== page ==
Contours and Bounding Rectangles
Figure 1. Sequence of algorithms used for auto-aligning and auto-shooting with the high tower goal.
Once the filters are applied and the target is reasonably isolated (small noise is permissible because it will be filtered out), information about the collection of pixels is extracted. This post will cover the process of turning raw pixel data into something more meaningful.
Figure 2. The contours (thin pink) of the shapes are essentially outlines, while the bounding rectangles (thick pink) enclose the contours.
Contours are essentially lines that describe the borders of an object that have the same color or intensity. This was why eliminating noise was a crucial step: every distinct region of color will be listed as a contour, and this cripples performance. The next step is to extract the bounding rectangles from all the contours. Bounding rectangles are the smallest possible rectangles that completely enclose the contour. For our team, we use rotated bounding rectangles because if the camera was ever tilted (ex: robot goes across tilted ramp), nothing about the tower goal will change. Bounding rectangles and contours give information about the width of the object in pixels (which can be used to calculate distance to target), angular rotation, and location relative to the robot.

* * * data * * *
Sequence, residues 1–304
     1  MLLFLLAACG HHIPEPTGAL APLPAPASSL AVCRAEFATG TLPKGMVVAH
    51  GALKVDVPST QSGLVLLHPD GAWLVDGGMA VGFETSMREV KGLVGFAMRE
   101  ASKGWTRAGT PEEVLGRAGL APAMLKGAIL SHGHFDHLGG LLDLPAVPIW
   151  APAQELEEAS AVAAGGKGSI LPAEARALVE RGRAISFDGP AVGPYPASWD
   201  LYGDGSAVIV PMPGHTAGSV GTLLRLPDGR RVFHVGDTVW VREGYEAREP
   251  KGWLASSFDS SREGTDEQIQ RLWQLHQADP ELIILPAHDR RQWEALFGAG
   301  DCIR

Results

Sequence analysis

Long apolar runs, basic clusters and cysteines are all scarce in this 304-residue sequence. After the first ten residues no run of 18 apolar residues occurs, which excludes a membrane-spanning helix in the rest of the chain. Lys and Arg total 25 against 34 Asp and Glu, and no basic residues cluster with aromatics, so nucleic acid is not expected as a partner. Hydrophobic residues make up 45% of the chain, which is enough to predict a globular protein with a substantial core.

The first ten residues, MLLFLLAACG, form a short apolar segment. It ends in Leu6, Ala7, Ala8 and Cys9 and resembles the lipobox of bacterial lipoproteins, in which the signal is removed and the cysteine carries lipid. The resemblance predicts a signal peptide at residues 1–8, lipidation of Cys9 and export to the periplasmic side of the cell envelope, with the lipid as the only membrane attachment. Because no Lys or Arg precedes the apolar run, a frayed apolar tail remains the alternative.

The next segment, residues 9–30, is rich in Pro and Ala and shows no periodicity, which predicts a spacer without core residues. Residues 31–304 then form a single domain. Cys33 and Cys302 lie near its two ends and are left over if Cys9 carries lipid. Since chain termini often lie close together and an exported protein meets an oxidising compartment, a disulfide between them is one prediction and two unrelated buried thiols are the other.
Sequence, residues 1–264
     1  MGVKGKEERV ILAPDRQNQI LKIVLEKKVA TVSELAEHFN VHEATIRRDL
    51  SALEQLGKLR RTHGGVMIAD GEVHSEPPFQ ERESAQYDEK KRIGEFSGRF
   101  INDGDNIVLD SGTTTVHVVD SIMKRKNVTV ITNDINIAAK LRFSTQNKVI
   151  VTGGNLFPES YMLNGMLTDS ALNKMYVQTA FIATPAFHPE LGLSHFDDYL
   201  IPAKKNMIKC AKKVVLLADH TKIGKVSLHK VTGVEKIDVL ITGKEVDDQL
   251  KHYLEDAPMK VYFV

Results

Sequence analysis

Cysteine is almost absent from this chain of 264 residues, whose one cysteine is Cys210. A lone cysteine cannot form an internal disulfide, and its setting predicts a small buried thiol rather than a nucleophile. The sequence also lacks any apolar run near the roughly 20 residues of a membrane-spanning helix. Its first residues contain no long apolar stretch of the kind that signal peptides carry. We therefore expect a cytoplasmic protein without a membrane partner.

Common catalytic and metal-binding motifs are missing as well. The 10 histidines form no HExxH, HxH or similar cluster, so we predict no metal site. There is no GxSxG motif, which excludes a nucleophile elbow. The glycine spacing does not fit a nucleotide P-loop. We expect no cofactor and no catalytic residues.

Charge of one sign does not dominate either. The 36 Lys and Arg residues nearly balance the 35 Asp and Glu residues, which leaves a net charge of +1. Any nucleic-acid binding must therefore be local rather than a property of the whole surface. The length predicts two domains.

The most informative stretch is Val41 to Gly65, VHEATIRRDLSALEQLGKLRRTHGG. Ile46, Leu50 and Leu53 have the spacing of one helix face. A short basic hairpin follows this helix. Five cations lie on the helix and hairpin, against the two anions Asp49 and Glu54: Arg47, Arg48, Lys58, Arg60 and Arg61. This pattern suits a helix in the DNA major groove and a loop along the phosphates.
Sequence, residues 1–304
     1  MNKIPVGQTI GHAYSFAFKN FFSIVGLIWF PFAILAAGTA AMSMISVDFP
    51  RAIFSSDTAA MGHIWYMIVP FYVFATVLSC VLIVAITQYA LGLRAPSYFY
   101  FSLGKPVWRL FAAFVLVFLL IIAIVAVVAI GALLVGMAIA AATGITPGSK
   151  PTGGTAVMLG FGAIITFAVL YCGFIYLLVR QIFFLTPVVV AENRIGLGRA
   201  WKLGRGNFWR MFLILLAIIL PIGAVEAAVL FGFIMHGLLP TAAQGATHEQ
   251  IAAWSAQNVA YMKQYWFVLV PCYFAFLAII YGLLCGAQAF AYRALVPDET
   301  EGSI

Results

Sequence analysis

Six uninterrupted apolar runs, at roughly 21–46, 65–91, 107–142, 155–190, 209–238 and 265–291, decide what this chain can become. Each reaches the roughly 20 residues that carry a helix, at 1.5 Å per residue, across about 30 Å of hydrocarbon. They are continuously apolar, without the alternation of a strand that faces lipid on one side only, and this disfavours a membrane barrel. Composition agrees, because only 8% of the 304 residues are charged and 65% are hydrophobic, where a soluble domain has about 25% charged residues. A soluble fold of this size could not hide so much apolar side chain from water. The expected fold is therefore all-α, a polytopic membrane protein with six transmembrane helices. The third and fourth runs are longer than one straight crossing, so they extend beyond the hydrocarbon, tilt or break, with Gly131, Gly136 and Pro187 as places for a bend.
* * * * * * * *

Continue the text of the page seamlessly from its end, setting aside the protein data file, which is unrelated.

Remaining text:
Figure 3. The bounding rectangle (green) will always have the same axes, so for angular robustness, a rotated bounding rectangle (red) will be needed.
Next, a collection of algorithms targeting the angular rotation of the bounded rectangle, ratio of contour area to bounded rectangle area, and ratio of bounded rectangle side lengths are used. A key algorithm that eliminated a large chunk of noise was by using the fact that the center of mass of the U-shaped tape is outside of the contour area of the tape.
I’ll get to writing another post describing the use of this data to empower the robot, but it may take a while, so here’s a brief summary:
Once the tape surrounding the high tower goal has been isolated, different measurements including distance, yaw, and pitch can be extracted by using trigonometric ratios. This data is then used to turn the robot and angle the shooter.